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Tuesday, February 14, 2012


Photos courtesy of Zane Miller Photography     

            Life gotcha down? Bummed cause you’re stuck, listening to the same old stuff on the radio (and music library)? Well perhaps you should take a trip to The Energy Clinic. This young foursome can take any drab room (or bar) and quickly fill it with colorful sounds of dreamy melodic progressions.

Zane Miller Photography

     Their music is kinda like an uptempo-ish rock with groovy and funky twists and turns - Does anyone remember ‘No Doubt?’ Ok, so think old-school ‘No Doubt,’ with early/mid Incubus progressive alternative rock styles. Now make it really well rounded and polyphonically arranged, and there you have it – the shit is bananas.  

 Zane Miller Photography

     The lead singer has an incredible voice with tons of character and emotion. It wasn’t until I got a copy of their recent recordings that I was able to actually hear the words she is singing in these dance-evoking tunes; and now I realize there’s a lot more going on here than pretty notes and melodies. The girl’s got some shit to say, so listen up.

Zane Miller Photography
      While you could easily spend a show lost in Steff’s vocals, the true meat and potatoes of the band, in my opinion, are the dudes behind the strings, Sam and Raad. Constantly countering each other’s rhythms and progressions, they create an elaborate, well-woven composition that demonstrates how well they are in-tune with their instruments as well as one another. Which then leaves the drummer, John, a hefty task of syncopations, drops, and tempo changes; but don’t worry, he’s no Ringo – this boy can rock his drum set, he just doesn’t always try to be as unnecessarily flashy as some other drummers.

Zane Miller Photography

   The Energy Clinic creates undeniably soul-clutching music, which makes each show an exquisite experience. I truly suggest you find their next show, and pencil yourself in for a musically-induced therapeutic jam session that will re-energize your mind, and probably get your body and soul movin’ (or, mostly likely in your ‘booty’ reigon). The Energy Clinic is a refreshing reminder that in a world of over-produced bullshit, there are still well composed bands with amazingly talented and creative individuals.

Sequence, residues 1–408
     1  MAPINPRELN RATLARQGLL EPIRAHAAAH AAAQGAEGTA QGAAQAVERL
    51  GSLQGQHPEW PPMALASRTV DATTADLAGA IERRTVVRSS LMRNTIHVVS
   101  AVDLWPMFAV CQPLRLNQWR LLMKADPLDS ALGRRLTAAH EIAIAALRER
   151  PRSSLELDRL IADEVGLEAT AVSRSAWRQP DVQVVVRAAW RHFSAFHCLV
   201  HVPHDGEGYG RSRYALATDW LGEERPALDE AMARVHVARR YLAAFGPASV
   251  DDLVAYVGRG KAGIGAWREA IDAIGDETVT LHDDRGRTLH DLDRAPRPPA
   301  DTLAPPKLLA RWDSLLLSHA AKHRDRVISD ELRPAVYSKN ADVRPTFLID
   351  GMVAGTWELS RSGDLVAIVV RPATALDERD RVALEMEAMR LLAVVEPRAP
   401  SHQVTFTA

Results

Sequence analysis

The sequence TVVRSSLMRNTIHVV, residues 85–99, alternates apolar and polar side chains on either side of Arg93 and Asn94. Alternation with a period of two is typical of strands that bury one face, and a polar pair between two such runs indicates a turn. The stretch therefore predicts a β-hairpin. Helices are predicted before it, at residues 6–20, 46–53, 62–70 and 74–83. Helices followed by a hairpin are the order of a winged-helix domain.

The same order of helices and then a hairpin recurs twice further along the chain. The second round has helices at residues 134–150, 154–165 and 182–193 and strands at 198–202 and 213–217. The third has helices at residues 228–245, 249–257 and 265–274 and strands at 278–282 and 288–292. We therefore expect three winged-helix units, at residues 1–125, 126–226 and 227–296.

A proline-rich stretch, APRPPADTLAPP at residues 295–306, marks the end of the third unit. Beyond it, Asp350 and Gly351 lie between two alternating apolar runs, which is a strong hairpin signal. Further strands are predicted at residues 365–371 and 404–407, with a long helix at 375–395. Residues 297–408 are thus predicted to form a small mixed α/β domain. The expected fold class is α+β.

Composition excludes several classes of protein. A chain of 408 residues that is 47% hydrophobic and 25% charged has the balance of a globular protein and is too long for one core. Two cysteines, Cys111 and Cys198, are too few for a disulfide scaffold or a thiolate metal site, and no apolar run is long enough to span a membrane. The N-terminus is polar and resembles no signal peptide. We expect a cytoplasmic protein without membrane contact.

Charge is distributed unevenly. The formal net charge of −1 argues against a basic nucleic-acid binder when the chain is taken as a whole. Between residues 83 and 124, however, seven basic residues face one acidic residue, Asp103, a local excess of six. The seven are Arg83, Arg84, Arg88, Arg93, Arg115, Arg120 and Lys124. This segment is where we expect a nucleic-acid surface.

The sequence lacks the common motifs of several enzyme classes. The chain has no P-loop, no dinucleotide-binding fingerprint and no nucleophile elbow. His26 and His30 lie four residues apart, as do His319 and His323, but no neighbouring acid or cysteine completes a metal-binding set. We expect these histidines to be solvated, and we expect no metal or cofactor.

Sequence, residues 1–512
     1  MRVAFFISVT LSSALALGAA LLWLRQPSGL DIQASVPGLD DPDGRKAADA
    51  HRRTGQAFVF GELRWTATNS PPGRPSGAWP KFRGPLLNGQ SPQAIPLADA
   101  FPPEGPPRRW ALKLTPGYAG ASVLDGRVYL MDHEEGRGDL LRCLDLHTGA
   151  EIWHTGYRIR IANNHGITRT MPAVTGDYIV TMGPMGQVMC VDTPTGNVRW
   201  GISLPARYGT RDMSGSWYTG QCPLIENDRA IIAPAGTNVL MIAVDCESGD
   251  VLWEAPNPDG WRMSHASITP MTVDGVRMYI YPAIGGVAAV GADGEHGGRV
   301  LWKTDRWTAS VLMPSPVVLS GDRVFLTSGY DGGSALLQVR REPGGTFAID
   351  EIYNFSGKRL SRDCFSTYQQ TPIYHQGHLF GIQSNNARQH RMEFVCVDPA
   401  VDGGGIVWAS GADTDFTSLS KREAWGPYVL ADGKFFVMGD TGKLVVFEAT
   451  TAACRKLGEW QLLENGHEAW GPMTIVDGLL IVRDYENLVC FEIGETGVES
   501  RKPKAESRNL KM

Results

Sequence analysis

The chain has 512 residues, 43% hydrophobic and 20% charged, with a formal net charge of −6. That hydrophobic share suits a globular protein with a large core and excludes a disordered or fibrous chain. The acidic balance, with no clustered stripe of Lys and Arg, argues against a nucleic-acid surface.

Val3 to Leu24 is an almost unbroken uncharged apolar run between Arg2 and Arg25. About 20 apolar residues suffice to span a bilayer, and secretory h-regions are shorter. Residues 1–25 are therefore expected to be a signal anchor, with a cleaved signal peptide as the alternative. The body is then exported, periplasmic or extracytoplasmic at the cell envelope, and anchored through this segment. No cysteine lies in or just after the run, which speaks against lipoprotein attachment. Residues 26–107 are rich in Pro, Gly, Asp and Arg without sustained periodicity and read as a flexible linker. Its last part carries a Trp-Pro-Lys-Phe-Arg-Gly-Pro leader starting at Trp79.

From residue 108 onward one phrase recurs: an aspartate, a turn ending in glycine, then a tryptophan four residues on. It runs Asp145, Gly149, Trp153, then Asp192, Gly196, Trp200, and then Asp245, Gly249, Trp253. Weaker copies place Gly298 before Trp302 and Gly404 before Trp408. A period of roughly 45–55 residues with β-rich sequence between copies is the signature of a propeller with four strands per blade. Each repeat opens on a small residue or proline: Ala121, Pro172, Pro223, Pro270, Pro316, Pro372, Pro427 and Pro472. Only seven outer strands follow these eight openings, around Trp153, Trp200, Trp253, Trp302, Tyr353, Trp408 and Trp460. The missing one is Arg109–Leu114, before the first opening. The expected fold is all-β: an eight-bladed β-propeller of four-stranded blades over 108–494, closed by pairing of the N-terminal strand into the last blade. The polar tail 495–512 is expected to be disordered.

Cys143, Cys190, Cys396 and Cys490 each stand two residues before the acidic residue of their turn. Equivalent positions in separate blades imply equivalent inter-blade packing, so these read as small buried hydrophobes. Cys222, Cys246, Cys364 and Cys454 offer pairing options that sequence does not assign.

Zane Miller Photography

Zane Miller Photography
Zane Miller Photography

The Energy Clinic:

Steff Jeff – Vocals
Samuel Foley – Guitar
Raad Shubaily – Bass
John Bruno – Drums

Zane Miller Photography

Special Thanks:
The Energy Clinic
Zane A. Miller

Wednesday, February 8, 2012


Written by Raad Shubaily
Pop music has many faces.  The collage of sounds Karate Coyote ties together to produce their signature synthesizer and effect-laden sound is a statement of that fact.  They put together different pieces of pop music’s past to create their own original style.  From pleasant synth lines to jangly guitar breaks, there are plenty of sounds to keep your ears entertained.

One of the aspects of musicianship that can be easily neglected is working as a team.  With a band like this, it could be easy to overplay because of all the different instruments and singers.  However, they fill out their individual parts perfectly without interrupting the overall sound.